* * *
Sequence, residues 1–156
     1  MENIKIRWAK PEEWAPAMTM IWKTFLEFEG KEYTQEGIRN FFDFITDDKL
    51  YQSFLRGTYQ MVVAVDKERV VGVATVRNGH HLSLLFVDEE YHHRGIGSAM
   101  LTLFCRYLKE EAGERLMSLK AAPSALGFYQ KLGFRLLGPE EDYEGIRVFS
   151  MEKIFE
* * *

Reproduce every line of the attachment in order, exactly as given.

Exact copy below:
Sequence, residues 1–156
     1  MENIKIRWAK PEEWAPAMTM IWKTFLEFEG KEYTQEGIRN FFDFITDDKL
    51  YQSFLRGTYQ MVVAVDKERV VGVATVRNGH HLSLLFVDEE YHHRGIGSAM
   101  LTLFCRYLKE EAGERLMSLK AAPSALGFYQ KLGFRLLGPE EDYEGIRVFS
   151  MEKIFE